Our report titled River Values, includes case studies documenting individuals  and businesses that benefit economically from a clean and healthy Delaware River.  But it also shows the many ways a healthy Delaware River and tributary streams protect us, benefit us, nurture us, enrich us, care for us as individuals and communities.  

If you are fighting to protect the Delaware or any of its tributary streams or habitats from harm this report, River Values, is a must read.  It's going to be a great tool for many of us.

To learn how to get a copy contact the Delaware Riverkeeper Network -- 215 369 1188 or at

Some of the Important Facts in the Report:
ü  In 1986 the Upper Delaware attracted 232,000 whitewater paddlers who spent $13.3 million, adding $6.2 million to local economy and supporting 291 local jobs.
ü  In just one year the Upper Delaware and Delaware Water Gap brought to our local communities 367,400 whitewater paddlers, who spent over $20 million (20,229,000), contributed almost $10 million (9,895,000) to our local economies, and supported 447 jobs. 
ü  Trout fishing in the Upper Delaware River resulted in one year in $17.69 million in local business revenue.  This revenue supporting 348 jobs, providing $3.65 million in wages and $719,350 in local taxes.  This investment translates into an ongoing $29.98 million in local economic activities.
ü  River festivals generate as many as 75,000 visitors to small riverside towns, giving an important boost to local businesses.
ü  Over 2.1 million bushels of clam and oyster shells have been harvested in the Delaware Bay from 2005 thru 2009.  For the region, oyster harvest resulting from this federal investment is projected to generate up to and over $80 million of annual economic benefit, much of this in some of New Jersey’s poorest communities who could not tolerate the loss of associated jobs, revenue and benefit.
ü  The annual economic value of migratory bird and horseshoe crab phenomenon in the Bayshore area provides $25 million in benefits to the Delaware Bayshore area and $34 million regionally.  Because most of these expenditures occur in the “off-season,” they are particularly valuable to local economies.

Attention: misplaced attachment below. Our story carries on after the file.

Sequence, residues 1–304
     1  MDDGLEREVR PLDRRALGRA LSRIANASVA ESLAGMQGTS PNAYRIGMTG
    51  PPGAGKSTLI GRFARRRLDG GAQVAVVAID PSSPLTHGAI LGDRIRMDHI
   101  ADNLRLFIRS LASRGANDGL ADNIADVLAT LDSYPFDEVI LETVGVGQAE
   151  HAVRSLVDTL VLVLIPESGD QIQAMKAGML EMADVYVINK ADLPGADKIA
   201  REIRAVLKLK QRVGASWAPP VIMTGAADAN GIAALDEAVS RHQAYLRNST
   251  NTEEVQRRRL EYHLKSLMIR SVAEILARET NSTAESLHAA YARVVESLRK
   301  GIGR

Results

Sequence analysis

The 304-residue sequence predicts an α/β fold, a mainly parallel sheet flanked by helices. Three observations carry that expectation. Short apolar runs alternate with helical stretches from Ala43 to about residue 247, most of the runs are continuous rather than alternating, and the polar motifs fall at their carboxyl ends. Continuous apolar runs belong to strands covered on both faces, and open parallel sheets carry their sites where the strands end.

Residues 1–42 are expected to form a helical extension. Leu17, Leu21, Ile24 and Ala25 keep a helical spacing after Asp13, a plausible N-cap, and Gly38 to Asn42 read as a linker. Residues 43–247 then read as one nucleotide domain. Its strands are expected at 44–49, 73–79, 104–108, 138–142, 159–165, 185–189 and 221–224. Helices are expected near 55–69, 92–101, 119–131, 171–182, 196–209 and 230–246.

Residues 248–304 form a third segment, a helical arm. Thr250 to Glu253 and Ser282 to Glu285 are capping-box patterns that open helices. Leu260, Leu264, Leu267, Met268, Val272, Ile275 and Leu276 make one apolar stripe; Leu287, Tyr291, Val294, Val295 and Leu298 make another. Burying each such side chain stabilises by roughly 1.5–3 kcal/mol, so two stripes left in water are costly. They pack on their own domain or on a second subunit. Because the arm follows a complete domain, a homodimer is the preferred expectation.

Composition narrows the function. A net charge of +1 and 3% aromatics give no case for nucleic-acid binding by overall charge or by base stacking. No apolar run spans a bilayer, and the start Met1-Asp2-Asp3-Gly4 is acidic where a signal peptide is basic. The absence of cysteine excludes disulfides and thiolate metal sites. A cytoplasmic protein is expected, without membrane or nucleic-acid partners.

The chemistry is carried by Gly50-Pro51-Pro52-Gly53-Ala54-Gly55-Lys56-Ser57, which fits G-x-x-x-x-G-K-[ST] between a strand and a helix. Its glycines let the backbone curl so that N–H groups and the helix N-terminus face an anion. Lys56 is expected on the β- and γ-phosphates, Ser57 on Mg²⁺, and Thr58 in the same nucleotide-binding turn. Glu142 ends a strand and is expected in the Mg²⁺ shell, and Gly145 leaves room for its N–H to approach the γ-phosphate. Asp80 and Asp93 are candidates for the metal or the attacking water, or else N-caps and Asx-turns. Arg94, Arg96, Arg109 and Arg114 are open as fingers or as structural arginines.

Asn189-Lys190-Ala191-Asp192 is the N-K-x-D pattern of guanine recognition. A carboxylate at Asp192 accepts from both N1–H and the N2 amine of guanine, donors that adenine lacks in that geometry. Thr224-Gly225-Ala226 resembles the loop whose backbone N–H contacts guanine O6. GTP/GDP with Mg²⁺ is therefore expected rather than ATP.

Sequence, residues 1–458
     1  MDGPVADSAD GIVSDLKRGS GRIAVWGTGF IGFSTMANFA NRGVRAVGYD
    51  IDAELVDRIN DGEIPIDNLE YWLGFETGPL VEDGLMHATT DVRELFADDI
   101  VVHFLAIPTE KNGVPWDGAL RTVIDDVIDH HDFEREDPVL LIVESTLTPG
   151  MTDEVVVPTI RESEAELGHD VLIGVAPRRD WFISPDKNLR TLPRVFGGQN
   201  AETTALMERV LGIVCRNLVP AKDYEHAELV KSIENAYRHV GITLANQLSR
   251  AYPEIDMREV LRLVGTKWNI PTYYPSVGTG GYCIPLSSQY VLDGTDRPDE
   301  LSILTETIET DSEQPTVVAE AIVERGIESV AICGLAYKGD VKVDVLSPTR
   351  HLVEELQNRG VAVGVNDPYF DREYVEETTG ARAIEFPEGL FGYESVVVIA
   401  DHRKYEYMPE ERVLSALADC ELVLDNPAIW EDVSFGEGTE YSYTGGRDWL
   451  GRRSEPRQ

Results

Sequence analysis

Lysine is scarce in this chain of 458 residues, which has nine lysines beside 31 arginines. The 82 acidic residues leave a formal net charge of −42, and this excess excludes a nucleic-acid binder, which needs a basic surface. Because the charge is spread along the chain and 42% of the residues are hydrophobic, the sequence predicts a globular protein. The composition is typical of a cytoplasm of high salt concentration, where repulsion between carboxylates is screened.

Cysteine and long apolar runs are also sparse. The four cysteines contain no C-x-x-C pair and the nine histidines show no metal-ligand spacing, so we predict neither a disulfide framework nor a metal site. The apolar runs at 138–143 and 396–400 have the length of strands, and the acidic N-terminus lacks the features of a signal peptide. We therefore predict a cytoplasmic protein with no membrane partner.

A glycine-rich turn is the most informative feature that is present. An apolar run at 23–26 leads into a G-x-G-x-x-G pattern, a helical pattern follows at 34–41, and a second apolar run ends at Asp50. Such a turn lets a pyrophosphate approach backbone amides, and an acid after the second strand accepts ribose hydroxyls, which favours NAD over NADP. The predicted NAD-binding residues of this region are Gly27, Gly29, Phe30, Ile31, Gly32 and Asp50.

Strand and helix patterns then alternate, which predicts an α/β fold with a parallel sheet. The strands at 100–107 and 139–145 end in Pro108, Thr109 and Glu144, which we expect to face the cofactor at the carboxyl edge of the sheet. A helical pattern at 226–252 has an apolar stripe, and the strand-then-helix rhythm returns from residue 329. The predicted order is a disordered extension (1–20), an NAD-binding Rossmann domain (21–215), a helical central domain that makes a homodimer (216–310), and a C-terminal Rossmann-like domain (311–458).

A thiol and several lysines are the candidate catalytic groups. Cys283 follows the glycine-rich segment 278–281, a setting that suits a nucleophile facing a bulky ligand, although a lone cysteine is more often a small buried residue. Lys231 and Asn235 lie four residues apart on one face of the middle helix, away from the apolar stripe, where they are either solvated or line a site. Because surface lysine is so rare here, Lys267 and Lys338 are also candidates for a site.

ü  Protecting, restoring and valuing the ecosystems of the Delaware River is not just of economic import, but is also important to the health and safety of our region.
ü  The biomedical industry dependent on the horseshoe crabs found in the Delaware Bay is said to provide $150 million of value in addition to the life saving tests they provide for medical devices, intravenous drugs and to detect life threatening illness such as spinal meningitis.  The LAL needed for these tests is irreplaceable, found only in the blood of the horseshoe crab, cannot be created synthetically.
ü  In the United States trees planted on private properties have generated over $1.5 billion in tax revenue and can increase the value of nearby homes by 6 to 15%.
ü  Trees in just four of our local watersheds saved a combined $6 ½ billion in otherwise needed infrastructure. (Big Timber, Cobbs, Mill, & Frankford-Tacony)

Monday, April 19, 2010

Earth Day -- Then & Now

I had the good fortune at the invitation of WHYY to see the new film Earth Day.

Earth Day told the story of why and how the first Earth Day in 1970 came to be.

It was interesting and scary to see the course of events played out over the course of an hour (or so) that led to the first Earth Day.  It was inspiring to see the tremendous energy and action and commitment that went into creating Earth Day, launching the environmental movement of the United States, and making change for the benefit of us all.

So much I didn't remember and/or didn't know.  So much I did remember and was reminded of.

And it was sad to see how much of the past that inspired all of this environmental protection is still happening today in new and increasing ways.

The Earth Day of 1970 was the start of a movement -- an environmental movement, a movement to pursue and achieve change.  Passage of the Endangered Species Act, Clean Water Act, Clean Air Act, Coastal Zone Management Act; creation of the Environmental Protection Agency; solar panels on the roof of the White House.

Today Earth Day is starkly different -- today it is a single day of education and perhaps a little bit of action -- mainly with our kids -- and then it ends with the day.

Because Earth Day has lost its power and inspiration the solar panels at the White House (put there by President Carter) were removed (by President Reagan); and the laws passed continue to be methodically eroded by industry and politicians with little opposition from the public at large.  Deepening and offshore oil drilling to benefit big oil and undermine alternative energy despite of the environmental harms is very much alive in the Delaware River watershed.  PCBs, a toxin so dangerous its use was banned in the 1980s but it is still discharged legally from over 100 sources into the Delaware River.  Natural Gas extraction is being pursued in a way that will turn our beautiful upper Delaware into an industrial landscape, pollute our waterways and threaten drinking water supplies, and sap our streams and aquifers dry of water and health.  And development runs rampant - including so aggressively that folks like Governor Rendell think it is perfectly acceptable to fill in 33 acres of the Delaware River to accommodate development.

This has to stop!

Earth Day's next 40 years need to be about a movement for change, for strengthened environmental laws, and expanding environmental restoration.

In fact, with this blog post, I challenge each one of you to begin this year by: